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EVERY WILDFIRE IS DIFFERENT AND EVERY WILDFIRE MUST BE RESPECTED. It is another triple-digit afternoon, and the third call-out of the day. The radios are awash in static and layers of non-stop chatter. With each hiss and scratch, a mental picture is drawn of the size and scope of the fire. Each crew member prepares for what is to come, and tries to push down rising adrenaline with an outward façade of calm.


Both S-2 air tankers have already made their initial drops and are heading back to base to reload and return. Directed in by the airtactical plane orbiting the columns of smoke, the gleaming white and red UH- 1H ‘Super Huey’ charges in at low-level and banks hard to the left. Eyes inside the rotorcraft thoroughly survey the area through airborne debris and haze for any threats adjacent to their chosen landing zone.


The Huey, battered by hot winds, descends purposefully through a large gap in the 100-foot pines and comes to a hover 4 feet above a rocky outcrop near the fire line. The large, aft compartment doors on each side of the aircraft slide to the rear. The firefighters offload their gear and hand tools before they drop off the skids onto the rocks and scrub brush. The captain, positioned on the left skid, grabs a handhold and manhandles the large orange Bambi bucket into two pairs of waiting arms. The helitack’s two newest recruits - pounded by the rotor wash - cradle the 324-gallon bucket and move quickly to the nose of the hovering copter. With everyone clear of the immediate area, except the one firefighter performing the hover hook, the pilot pulls enough collective to allow the bucket to be attached to a belly hook without that firefighter having to stoop. With bucket and electrical connections checked and verified, the remaining firefighter clears out.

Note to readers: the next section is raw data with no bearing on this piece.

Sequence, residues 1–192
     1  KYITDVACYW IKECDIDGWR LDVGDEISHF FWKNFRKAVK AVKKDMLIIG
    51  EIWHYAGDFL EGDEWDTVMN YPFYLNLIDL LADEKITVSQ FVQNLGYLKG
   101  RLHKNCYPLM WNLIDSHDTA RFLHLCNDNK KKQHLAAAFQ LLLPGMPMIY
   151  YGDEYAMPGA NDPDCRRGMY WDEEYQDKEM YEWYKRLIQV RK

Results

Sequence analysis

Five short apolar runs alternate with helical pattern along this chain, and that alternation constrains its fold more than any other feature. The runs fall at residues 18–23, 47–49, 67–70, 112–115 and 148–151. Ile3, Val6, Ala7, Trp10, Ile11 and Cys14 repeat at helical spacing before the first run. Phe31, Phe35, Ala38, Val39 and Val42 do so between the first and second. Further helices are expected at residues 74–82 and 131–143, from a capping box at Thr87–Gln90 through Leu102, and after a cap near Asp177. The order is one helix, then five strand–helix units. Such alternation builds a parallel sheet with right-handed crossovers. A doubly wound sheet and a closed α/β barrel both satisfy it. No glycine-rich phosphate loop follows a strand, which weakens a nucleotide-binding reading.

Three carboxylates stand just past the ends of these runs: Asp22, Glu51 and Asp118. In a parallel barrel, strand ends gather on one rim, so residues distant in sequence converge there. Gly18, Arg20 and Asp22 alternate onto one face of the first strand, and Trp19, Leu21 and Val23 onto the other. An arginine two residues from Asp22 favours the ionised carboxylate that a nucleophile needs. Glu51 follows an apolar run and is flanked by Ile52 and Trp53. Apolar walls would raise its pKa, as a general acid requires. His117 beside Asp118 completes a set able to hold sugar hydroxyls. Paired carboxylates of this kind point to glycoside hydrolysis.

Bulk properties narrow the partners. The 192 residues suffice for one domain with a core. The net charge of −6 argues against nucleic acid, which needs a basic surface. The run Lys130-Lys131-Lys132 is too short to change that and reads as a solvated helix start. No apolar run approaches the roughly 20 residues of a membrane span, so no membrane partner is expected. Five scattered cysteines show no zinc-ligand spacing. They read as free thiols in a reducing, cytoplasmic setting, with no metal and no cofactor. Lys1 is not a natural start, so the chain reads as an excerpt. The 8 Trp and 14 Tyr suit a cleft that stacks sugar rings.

36 May 2015


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